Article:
Have the children learned to pray for souls?

These last two weeks before Advent, the Scriptures speak of the end of time when all things will be made new. The Church gathers us together to help us prepare. At the end of our life, what will we be able to say?

This month dedicated to our praying for the poor souls in purgatory gives us the opportunity to think about what purgatory is and the likelihood of us being there.

Purgatory is a period after our death, when we are suspended from seeing God. It is a purification of love that purifies our souls from sins for which we have not repented or for which we have not done penance.

The children at Fatima were given a vision of purgatory, which Lucia refused to reveal. She said no one should witness a soul who cannot see God. “Pray for the souls, pray for the souls,” she said.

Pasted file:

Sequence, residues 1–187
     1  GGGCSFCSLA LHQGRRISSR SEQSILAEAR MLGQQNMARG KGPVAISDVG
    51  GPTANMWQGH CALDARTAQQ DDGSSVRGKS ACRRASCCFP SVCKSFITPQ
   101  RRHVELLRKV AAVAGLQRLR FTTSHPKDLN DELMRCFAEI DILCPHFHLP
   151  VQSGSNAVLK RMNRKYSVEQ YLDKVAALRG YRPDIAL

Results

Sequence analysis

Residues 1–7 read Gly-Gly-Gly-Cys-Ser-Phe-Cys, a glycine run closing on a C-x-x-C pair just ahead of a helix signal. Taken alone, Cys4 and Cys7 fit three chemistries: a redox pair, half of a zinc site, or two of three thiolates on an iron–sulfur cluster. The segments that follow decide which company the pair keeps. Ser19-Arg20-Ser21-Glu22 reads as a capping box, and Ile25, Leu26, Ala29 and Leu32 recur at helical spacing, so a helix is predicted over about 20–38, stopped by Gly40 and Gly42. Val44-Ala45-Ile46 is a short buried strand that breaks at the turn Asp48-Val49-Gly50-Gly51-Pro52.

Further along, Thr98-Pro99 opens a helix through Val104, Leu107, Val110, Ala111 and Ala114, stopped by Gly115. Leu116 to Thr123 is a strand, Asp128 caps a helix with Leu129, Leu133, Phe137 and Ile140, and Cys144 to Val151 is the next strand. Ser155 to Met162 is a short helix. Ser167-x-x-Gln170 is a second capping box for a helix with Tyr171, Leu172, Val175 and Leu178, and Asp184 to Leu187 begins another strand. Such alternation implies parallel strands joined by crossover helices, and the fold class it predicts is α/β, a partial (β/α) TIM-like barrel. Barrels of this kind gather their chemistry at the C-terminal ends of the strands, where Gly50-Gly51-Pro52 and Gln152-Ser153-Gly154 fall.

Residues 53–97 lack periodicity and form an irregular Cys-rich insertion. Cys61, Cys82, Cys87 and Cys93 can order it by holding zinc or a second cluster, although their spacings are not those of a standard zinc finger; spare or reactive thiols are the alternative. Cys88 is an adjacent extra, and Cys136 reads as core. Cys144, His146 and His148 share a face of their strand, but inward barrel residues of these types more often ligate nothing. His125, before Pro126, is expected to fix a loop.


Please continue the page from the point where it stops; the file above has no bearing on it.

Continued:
My dear friends, purgatory is a reality in our journey to heaven. We should think about our lives; what we have done wrong or what we have failed to do, to perfect ourselves in the virtues and produce for Christ the fruits of the Holy Spirit.

If we only had these last two weeks until the end of our lives, what could be said of us? Did we teach our children how to pray especially for the poor souls in purgatory? Have we taught them to remember the least soul who has no one to pray for them?

Have they learned how to pray for us? Have we showed them by our example what it means to pray in the Church, in the quiet of our own rooms?

We are on the right path however as our parish gathers on the mountain of God’s glory this Sunday to partake of His Holy Eucharist and encounter Christ’s holy Word.  With these gifts, we can attain happiness and the courage to march on in our Christian confession with courage and grace.